I am obviously getting on my high horse here, but someone has to start making a stand. Standards in the industry just don't seem to exist and if shoppers just buy the products and accept the poor quality it surely must be up to those of us with standards to prove you can get better?

When I dyed the silk for the blackwork for the V & A embroidery the first thing that Wendy did with the yarn was wash it in "hot soapy water" - to check that there was no bleeding of colour - there wasn't, she phoned me to tell me how impressed she was! I took it as a compliment at the time but looking back I see it as a sad indictment that she should expect there should be!

On the other hand how would you know in advance if something was going to bleed or not - do we go round all the yarn suppliers and rub the yarns in our hands to see if colour comes off, do we carry a little bag of soapy water to test out with? As far as I am aware there isn't a British Standard that you can comply with, and if it expected and accepted is it worth putting all the extra effort in?

Maybe I'm the oddity for expecting things to be done properly - I could probably save hours of work if I lower my standards - but I'm sorry I won't!!!

Saturday 2 May 2009

Spring in the valley

We decided to take advantage of the sunshine today and went for a walk. We went up Lady Bagot's Drive, so called (by repute) because it is the back road up to Pool Park the N Wales home of Lord Bagot. It is said that Lady Bagot used to come down here to meet her lover........

How it actually got it's name is irrelevant really, but it is fab for a good walk. If you do the whole thing it is probably 6 or 7 miles, but you can change direction in various places so we took a slightly shorter route and probably did about 5 miles.

The start of the drive, off the main A525 is over the "Bridge over the river of blood" so named because a man died in the river during the Civil War. The walk takes us along the river Clewedog following it back upstream.

The water is really clear at the moment, there has been rain recently (so the track we walked on was quite muddy) but the river looked gorgeous! In fact it was so inviting that David decided to try it out!

When we first moved here the boys (Huh?!) and I used to come up the drive most days - sometimes with the ponies but frequently with a picnic and towels and they would have a play and splash in the river. There is a part that is channeled off and the water is deeper and still by the side of that channel - almost like a mini swimming pool, as we are all quite strong swimmers, it was never a problem, they never went without me though!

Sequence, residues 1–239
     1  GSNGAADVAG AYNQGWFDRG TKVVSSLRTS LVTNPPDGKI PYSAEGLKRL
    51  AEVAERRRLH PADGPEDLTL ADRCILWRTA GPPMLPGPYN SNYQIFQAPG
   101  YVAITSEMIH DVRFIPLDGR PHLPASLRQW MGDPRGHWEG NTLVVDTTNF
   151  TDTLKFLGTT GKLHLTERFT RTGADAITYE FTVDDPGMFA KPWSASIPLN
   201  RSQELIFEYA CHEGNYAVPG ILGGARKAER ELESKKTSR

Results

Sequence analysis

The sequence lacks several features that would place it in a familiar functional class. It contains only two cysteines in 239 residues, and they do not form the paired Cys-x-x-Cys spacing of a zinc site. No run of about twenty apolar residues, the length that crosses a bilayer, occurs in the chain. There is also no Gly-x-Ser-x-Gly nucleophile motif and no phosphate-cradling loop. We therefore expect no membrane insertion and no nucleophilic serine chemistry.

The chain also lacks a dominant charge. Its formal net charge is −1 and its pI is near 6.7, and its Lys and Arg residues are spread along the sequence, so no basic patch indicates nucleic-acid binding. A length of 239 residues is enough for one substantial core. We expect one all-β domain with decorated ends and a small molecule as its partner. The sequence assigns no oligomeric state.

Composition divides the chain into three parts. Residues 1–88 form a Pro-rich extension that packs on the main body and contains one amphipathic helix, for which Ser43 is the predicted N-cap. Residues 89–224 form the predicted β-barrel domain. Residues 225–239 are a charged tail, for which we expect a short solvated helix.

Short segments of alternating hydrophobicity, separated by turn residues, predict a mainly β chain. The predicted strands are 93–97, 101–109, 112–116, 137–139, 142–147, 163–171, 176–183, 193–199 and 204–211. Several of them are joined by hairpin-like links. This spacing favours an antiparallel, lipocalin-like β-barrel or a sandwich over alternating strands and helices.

The wild flowers alongside the track were beautiful. I remember at school in the summer term we used to have a "wild flower" competition and had to collect and name as many as we could - stars being awarded for various numbers (I have a vague idea it being something like 25, 75, 125) I can still name a few, but most have slipped from the memory - I will dig out my book and look them up. The colours are so fantastic I've been inspired to do some reproduction work in the dyehouse! Perhaps I should name a colour collection after the flowers - I obviously won't use the flowers themselves to dye, it wouldn't get me very far, but the names, well they're romantic aren't they - and have an historic slant! A friend is often asking me to dye "Columbine" colour!

Talking of flowers my dye garden is coming along well! Here they are - my 2 Weld plants. Self seeded of course and could they have chosen a better place? I guess not! Have to be careful when we move the gas bottle now! Maybe it won't move for quite a while! This is just outside the dyehouse door, and I've no idea what is in the black rubbish bag - probably sawdust as it is also just outside John's workshop too! There is also masses of nettles and Lady's Bedstraw not far from here - but cultivated plants, not a chance!